The Polian Corner

Bill Polian is in his first season as Colts vice chairman after spending the previous 13 seasons as Colts president. Each week during the season, in The Polian Corner, Polian and Colts.com will discuss issues pertinent to the Colts and the rest of the NFL.*

Bill Polian is in his first season as Colts vice chairman after spending the previous 13 seasons as Colts president.  Polian has a resume unique in the NFL.  The only man to win NFL Executive of the Year six times, Polian in the 1980s built the Buffalo Bills into a four-time Super Bowl participant.  In the mid-1990s, he built the expansion Carolina Panthers into a team that made the NFC Championship game in its second season, 1996.  Since joining Indianapolis in 1998, he built the Colts from a 3-13 team in 1997 and 1998 into one that has made the playoffs 11 of the last 12 seasons, including AFC Championship game appearances after the 2003, 2006 and 2009 seasons, an AFC East title in 1999, AFC South titles in 2003, 2004, 2005, 2006, 2007, 2009 and 2010, Super Bowl appearances following the 2006 and 2009 seasons and a Super Bowl championship following the 2006 season.  Each week during the season, in The Polian Corner, Polian and Colts.com will discuss issues pertinent to the Colts and the rest of the NFL.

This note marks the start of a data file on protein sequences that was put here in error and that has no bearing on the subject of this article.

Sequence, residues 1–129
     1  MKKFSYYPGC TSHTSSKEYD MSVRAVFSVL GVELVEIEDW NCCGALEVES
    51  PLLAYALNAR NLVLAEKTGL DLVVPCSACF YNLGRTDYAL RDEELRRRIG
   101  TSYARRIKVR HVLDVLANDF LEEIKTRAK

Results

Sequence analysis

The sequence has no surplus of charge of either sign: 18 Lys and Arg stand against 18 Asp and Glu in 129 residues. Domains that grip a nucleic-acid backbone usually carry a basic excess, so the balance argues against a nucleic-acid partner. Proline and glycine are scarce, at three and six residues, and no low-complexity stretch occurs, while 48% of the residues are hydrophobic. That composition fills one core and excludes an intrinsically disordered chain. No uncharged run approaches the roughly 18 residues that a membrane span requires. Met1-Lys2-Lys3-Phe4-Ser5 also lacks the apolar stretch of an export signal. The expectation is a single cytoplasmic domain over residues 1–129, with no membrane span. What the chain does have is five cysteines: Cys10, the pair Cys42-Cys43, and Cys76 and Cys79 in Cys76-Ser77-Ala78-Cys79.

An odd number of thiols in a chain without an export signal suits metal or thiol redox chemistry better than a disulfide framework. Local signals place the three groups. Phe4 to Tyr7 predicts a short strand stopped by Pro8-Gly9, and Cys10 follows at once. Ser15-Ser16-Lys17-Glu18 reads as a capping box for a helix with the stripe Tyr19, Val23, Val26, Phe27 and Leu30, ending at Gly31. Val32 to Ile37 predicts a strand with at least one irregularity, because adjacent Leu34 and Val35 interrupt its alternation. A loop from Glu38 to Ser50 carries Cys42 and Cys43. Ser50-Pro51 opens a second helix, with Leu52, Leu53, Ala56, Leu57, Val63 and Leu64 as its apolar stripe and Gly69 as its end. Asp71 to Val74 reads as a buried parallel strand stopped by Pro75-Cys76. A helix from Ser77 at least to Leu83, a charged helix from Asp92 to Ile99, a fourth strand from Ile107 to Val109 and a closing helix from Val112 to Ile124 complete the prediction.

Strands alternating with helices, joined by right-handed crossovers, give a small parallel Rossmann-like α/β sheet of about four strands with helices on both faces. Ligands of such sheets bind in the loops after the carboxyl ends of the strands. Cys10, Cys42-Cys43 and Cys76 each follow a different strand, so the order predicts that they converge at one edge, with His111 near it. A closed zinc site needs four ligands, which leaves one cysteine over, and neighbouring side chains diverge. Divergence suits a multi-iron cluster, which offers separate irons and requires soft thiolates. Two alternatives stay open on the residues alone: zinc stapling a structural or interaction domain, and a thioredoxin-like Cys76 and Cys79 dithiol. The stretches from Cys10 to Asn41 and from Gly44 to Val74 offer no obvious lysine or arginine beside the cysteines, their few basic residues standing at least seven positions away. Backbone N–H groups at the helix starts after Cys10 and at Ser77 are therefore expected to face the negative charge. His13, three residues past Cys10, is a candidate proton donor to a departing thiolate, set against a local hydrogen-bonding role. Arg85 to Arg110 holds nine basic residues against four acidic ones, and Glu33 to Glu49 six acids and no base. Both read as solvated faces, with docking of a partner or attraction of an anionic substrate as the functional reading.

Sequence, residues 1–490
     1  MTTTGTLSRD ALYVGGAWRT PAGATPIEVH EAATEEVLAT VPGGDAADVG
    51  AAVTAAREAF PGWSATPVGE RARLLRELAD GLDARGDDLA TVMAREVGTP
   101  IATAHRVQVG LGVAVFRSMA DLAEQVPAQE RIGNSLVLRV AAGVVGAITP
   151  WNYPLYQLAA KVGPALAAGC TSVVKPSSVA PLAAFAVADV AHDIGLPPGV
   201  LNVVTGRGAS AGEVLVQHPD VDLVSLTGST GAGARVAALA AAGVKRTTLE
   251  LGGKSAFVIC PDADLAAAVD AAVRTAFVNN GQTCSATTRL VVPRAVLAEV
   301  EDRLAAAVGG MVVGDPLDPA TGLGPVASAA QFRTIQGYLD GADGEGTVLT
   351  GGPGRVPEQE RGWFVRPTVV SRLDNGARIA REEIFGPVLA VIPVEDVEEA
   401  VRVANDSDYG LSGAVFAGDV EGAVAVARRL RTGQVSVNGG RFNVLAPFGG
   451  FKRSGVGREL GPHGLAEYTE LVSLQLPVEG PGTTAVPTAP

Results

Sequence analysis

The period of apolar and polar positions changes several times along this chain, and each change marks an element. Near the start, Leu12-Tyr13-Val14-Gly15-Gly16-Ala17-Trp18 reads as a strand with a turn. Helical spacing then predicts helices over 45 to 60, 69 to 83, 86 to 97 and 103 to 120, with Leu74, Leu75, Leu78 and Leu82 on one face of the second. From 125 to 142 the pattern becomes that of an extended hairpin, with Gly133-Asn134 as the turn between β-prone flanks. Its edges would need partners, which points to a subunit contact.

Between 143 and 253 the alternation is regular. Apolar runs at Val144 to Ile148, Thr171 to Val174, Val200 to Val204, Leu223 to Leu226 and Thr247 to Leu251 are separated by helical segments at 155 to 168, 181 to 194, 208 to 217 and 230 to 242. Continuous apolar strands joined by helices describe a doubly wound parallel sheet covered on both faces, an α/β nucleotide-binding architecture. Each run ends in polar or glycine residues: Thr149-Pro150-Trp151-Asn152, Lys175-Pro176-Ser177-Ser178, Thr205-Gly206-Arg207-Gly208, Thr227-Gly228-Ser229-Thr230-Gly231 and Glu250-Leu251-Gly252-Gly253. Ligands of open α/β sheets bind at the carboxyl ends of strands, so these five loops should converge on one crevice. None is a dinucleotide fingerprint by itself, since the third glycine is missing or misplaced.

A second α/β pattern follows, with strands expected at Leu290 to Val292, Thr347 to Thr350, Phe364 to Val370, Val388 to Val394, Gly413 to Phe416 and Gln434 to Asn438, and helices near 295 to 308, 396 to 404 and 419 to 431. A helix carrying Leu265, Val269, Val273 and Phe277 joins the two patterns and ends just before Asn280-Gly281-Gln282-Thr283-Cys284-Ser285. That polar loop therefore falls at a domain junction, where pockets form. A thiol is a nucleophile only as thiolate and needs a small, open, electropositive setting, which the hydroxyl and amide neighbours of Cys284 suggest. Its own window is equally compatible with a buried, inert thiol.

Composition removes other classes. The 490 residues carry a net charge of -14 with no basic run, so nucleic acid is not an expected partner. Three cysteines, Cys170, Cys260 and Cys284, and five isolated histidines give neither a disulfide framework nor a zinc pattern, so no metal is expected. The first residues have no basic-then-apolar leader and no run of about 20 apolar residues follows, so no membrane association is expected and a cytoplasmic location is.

The Polian Corner will run in two installments each week.  Below is this week's first installment:

Q:  You looked at yesterday's tape.  People were frustrated by the loss.  Were you less frustrated after you watched the tape?